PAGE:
Popocatépetl volcano (Mexico), activity summary 1-7 Aug 2012: gas and steak emissions, crater glow, occasional explosions
Wednesday Aug 08, 2012 12:05 PM | BY: T
During 1-7 August seismicity at Popocatépetl indicated continuing gas-and-steam emissions that may have contained ash during 4-6 August; cloud cover prevented observations during most of this period. Incandescence from the crater was periodically observed.
Gas-and-steam plumes were observed almost daily rising from the crater as high as 2.5 km above the rim. The plumes drifted SW and NW.
On 5 August ash plumes rose 1.5 km and drifted SW. On 6 August ash plumes again rose 1.5 km above the crater, and at 1758 an ash plume rose 4 km. Some explosions ejected incandescent tephra that landed on the flanks. Gas-and-steam plumes drifted SW the next day.
Wednesday, Aug 08, 2012
A moderately strong explosion occurred yesterday 7 Aug at 17:58 local time and produced a steam and ash column rising 4 km, and drifting W-SW, CENAPRED reported. ... [more]
Tuesday, Aug 07, 2012
CENAPRED reports 9 small to moderate explosions during 11-20:00 on 6 Aug. ... [more]
Saturday, Aug 04, 2012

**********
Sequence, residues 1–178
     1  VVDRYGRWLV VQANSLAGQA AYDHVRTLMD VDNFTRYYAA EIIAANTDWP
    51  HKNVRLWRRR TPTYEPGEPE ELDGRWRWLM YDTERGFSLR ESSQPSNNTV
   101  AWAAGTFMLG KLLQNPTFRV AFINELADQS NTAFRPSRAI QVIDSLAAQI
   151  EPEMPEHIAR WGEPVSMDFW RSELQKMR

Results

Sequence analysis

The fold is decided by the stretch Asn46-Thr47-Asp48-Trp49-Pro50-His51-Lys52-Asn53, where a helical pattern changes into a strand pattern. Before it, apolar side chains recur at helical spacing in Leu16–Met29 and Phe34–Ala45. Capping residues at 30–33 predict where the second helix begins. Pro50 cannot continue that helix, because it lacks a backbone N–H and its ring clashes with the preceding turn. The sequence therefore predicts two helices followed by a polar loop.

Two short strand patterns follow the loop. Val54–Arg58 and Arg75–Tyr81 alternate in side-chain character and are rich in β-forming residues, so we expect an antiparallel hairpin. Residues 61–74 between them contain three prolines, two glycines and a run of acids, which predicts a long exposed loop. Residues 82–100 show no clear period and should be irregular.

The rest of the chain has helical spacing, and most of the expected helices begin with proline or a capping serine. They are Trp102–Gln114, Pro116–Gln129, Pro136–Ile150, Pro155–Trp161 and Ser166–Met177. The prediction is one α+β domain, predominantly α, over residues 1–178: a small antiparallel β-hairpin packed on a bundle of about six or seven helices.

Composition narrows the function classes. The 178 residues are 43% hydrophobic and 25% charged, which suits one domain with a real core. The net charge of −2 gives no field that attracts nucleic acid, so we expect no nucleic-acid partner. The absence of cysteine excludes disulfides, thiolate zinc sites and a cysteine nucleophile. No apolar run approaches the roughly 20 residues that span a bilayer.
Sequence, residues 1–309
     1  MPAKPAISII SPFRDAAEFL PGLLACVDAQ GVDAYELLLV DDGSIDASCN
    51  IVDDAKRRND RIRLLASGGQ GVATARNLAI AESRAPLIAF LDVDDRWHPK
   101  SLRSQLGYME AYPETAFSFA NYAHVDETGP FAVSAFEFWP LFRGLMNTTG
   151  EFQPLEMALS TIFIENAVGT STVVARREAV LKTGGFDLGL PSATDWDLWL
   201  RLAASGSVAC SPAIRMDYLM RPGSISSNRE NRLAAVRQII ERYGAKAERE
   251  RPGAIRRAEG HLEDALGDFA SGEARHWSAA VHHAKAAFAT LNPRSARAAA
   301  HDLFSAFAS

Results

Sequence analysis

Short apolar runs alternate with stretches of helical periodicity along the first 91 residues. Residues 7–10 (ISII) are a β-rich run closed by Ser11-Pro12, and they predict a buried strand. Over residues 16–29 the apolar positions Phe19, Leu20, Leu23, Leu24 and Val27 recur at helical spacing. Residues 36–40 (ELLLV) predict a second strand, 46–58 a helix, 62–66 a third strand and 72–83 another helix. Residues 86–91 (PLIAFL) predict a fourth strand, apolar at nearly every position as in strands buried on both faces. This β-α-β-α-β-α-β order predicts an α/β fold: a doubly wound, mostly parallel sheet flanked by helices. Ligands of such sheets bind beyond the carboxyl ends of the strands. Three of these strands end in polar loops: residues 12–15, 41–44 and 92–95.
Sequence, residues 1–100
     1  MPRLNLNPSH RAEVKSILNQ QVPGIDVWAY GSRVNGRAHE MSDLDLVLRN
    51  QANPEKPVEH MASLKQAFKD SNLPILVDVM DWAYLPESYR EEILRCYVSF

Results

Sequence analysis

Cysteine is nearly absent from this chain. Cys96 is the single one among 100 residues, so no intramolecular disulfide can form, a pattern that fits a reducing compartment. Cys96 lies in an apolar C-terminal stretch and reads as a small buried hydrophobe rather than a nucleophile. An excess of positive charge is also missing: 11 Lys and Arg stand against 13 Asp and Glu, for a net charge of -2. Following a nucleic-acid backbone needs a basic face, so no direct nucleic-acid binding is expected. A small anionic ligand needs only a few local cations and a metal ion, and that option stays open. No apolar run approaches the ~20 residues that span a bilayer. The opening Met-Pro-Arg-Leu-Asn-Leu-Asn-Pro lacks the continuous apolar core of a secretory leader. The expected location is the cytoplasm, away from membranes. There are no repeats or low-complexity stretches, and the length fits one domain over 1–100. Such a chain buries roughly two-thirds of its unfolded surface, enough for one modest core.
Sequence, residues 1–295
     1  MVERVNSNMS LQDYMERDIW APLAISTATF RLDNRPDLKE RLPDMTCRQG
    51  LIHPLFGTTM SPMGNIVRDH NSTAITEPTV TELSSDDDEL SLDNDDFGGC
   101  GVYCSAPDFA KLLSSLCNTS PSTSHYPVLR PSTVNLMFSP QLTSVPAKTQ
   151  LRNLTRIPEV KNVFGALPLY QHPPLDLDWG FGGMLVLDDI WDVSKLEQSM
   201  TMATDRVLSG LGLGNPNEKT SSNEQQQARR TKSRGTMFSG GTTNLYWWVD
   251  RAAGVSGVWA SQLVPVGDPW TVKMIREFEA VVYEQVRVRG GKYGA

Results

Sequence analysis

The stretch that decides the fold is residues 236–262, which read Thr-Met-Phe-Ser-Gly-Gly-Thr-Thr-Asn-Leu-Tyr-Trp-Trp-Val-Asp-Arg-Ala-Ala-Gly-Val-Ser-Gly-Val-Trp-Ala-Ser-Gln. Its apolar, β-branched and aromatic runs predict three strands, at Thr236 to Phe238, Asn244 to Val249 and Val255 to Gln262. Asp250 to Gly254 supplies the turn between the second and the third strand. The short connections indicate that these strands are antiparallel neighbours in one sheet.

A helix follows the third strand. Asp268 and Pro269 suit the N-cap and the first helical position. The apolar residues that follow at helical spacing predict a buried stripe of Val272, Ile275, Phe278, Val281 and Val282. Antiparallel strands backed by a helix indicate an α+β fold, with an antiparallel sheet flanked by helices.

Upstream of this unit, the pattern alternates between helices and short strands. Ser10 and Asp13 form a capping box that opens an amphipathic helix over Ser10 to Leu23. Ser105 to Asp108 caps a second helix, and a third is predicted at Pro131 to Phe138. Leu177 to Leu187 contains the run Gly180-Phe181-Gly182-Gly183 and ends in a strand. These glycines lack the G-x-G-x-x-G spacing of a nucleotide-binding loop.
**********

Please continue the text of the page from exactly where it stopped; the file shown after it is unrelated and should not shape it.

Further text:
The activity at Popocatépetl remains at low to moderate levels compared to previous weeks. ... [more]
Wednesday, Aug 01, 2012
Popocatépetl's activity is relatively low. Only 14 weak emissons of mostly steam were recorded on 31 July during 24 hours, and there appears to be no significant seismic activity. Glow is still visible from the summit, but less than before. [more]
Tuesday, Jul 31, 2012
Exhalations of gas and ash have dropped to 1-2 per hour (versus 3-4 times per hour during heightened activity). Seismic activity is low. A small 1.8 volcanic earthquakes occurred at 11:36 local time on 30 July. ... [more]
Volcán Popocatépetl, whose name is the Aztec word for smoking mountain, towers to 5426 m 70 km SE of Mexico City to form North America's 2nd-highest volcano. The glacier-clad stratovolcano contains a steep-walled, 250-450 m deep crater. The generally symmetrical volcano is modified by the sharp-peaked Ventorrillo on the NW, a remnant of an earlier volcano.